That headline is not a joke, the Aston Martin Valkyrie receives 1 160bhp and gets its most powerful hypercar closer to production.
It's been a while now since Aston Martin first teased us with their delicious, hybrid hypercar blueprint – three years, to be precise – and finally, the news that prototypes are being built has been confirmed.
That's not all that has been revealed though. The full, insane performance specifications of the Valkyrie's hybrid powertrain is out too, and it'll drop your jaw. Which is to be expected, I guess, when partnering with the Red Bull Racing (RBR) F1 team to create a road-legal, F1-styled, futuristic hypercar.
Back in 2016, RBR's Adrian Newey said, "Road cars have far less legislation to restrict the design than Formula One does at the moment," suggesting, almost sarcastically, that designing a road car is easier. A year-and-a-half later, we first caught a sneak-peek of the design of what they named the Aston Martin Valkyrie, and then another year-and-a-half before the high-revving, 1,000+ horsepower V12 monster of an engine was confirmed.
Now, just a few short months later, Aston Martin tells us they've started building operational prototypes of the hybrid car with an eye on track-testing in the near future. Oh, and that it's pushing out 1 160bhp.
So, how have they achieved this? Well, firstly, there's the rather substantial Cosworth-built 6.5-litre, naturally aspirated, V12 engine, pushing out 1,000 bhp (745.7 kW) at 10,500 rpm and peak torque of 545.7 lb-ft (740 Nm) at 7,000 rpm. And, secondly, there's the electric system by Rimac that adds an extra 160 bhp (119 kW) and 206.5 pound-feet (280 Nm). This culminates in a system output of 1,160 bhp (865 kW) at 10,500 rpm and 663.8 pound-feet (900 Nm) at 6,000 rpm.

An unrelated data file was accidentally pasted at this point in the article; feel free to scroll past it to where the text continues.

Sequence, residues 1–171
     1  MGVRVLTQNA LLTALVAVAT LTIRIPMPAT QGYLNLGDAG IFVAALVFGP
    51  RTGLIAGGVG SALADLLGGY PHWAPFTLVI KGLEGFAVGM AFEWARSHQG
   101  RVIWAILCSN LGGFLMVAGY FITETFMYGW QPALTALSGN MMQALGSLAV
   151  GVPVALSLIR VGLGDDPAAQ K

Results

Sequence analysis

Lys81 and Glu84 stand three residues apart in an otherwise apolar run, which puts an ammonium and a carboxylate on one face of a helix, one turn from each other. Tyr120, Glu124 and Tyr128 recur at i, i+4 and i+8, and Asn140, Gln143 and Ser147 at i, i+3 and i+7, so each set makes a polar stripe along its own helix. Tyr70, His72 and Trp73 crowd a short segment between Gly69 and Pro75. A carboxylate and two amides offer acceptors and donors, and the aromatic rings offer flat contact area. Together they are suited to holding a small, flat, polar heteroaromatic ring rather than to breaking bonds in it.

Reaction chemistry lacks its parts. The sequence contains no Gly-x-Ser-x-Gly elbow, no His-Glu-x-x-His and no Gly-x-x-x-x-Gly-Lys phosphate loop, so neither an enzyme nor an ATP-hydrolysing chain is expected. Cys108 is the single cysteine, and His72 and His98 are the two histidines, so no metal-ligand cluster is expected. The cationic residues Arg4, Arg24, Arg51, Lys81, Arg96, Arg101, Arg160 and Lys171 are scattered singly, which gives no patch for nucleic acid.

Power for the batteries is derived in part from a kinetic energy recovery system (KERS) and the electric boost motor is from Integral Powertrain.
The technical design combines Aston Martin's mechanical experience with that of Red Bull Racing's Advanced Technologies department, which is apparent in the F1 racing-inspired build of the Valkyrie – for instance, the powertrain, chassis, and bodywork are engineered to integrate together as one piece for strength and efficiency.
The engine and gearbox casing act as stressed members of the Valkyrie's chassis, the latter to which the rear suspension is mounted and which also supports a large portion of the rear subframe of the car too. The hybrid-systems battery pack acts as a central hub for the car's power electronics.
Aston Martin hasn't said anything more than the new Valkyrie prototypes will be used for testing purposes for now, so there's no timeframe just yet for the finished hypercar.
Check out the video below for more.